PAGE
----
where λf is the fiber stretch, and ta is the time of mechanical activation determined from electroanatomical mapping as detailed in Section 2.3. All parameters for the passive and active mechanics are given in Table 1.The boundary condition in Eq. (3) is imposed on the endocardium Γ0endo to account for the pressure pLV(t) applied by the blood inside the LV. pLV(t) is determined by a 0D circulation model C(t,v,z,pLV(t)) and the coupling condition in Eq. (5) ensures volume consistency, which has to be satisfied at each time step t ∈ (0, T). Additionally, the interaction between the LV epicardium Γ0epi and the surrounding tissue (Pfaller et al., 2018; Strocchi et al., 2020) is considered by the boundary condition given in Eq. (2). The contact handling algorithm proposed by Fritz et al., (2014) is used in this study. This ensures a more realistic movement of the ventricle along the long axis of the heart with improved mitral valve displacement during systole. Since the LV is under constant stress due to the flow of blood, we have to find a suitable initial stress distribution. Therefore, we first find a stress-free state of the LV by solving an inverse elasto-static problem as described in Marx et al. (2021). Then, the stress-free configuration is inflated with a pressure pLV = 8 mmHg by solving the static problem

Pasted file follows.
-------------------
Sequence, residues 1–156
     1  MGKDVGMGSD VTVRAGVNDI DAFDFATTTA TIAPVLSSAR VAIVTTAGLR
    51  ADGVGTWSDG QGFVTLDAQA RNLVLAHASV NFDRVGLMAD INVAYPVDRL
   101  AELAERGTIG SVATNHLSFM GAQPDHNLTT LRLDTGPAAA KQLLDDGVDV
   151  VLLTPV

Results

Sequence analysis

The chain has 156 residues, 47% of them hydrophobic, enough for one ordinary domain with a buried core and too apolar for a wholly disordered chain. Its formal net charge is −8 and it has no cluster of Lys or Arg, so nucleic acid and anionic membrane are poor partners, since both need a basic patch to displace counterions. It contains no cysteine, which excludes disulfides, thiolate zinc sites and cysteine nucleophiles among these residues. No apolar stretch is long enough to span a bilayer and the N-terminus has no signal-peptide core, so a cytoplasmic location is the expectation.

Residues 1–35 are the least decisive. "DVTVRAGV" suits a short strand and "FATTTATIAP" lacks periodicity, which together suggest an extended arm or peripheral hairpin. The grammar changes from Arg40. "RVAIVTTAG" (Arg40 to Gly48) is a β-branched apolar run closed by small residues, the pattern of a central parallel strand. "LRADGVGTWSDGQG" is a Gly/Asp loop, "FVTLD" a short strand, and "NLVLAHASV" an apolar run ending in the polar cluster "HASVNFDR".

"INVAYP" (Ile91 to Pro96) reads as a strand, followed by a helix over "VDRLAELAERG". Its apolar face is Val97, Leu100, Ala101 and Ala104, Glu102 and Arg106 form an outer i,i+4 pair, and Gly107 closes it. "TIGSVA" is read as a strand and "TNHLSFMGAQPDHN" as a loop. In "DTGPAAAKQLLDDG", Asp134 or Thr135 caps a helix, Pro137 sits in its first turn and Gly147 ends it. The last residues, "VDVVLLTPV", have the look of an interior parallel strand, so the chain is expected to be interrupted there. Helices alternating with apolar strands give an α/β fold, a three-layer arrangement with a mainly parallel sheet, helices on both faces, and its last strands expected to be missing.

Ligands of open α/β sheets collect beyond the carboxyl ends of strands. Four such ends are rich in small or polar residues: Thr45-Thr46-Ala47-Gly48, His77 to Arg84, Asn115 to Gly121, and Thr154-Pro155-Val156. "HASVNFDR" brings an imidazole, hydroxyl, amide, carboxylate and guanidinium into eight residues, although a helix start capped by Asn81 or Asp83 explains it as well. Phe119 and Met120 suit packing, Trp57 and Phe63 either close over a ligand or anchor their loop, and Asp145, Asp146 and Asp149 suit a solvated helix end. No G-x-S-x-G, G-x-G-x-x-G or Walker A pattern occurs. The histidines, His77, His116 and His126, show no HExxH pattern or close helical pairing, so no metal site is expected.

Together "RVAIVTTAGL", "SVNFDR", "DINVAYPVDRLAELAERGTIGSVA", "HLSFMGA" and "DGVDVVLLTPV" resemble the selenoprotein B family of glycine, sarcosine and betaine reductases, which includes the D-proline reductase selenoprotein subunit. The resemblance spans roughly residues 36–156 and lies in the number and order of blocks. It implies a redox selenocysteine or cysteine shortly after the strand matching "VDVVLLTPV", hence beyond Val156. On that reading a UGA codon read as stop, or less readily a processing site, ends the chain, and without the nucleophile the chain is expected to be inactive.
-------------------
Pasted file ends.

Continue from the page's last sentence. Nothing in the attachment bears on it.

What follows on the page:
to find the displacement u. Finally, this displacement is used as an initial condition u0 for the problem described in Eqs 1–5.


TABLE 1. Input parameters for the electromechanical computational model.

The mathematical model described here is a reduction of the four-chamber model presented in Gerach et al. (2021) to enable the simulation of only the LV as available from the clinical data. Nevertheless, the methods for the numerical approximation of Eqs. (1)–(5) are equivalent to the previously published four-chamber model, which is why we omit a detailed description at this point and refer the interested reader to our previous work for further details.

2.3 Clinical Data Integration

Jadczyk et al. (2021) performed an intra-cardiac mapping study on 30 heart failure patients with reduced ejection fraction due to an ischemic etiology. The mean age of the population was 65.4 ± 6.1 years with a higher number of male participants (n = 21). Mean left ventricular ejection fraction, end-diastolic volume, and end-systolic volume were 30 ± 6%, 240.5 ± 65.8 ml and 178.4 ± 49.4 ml, respectively. All individuals presented sinus rhythm and LBBB morphology on 12-lead ECG with a mean QRS duration of 168 ± 17 ms. For the enrollment of patients, the LBBB criteria of Strauss et al. (2011) including QRS duration and morphology were used. LGE-MRI showed intensities of 11.6 ± 5.2%, 6.3 ± 4.5%, and 5.4 ± 3.2% in apical, medial, and basal segments, respectively. Patients were on optimal medical therapy in accordance to the European Society of Cardiology guidelines. There was no statistically significant difference between groups. For further information, we kindly refer the reader to the original publication (Jadczyk et al., 2021).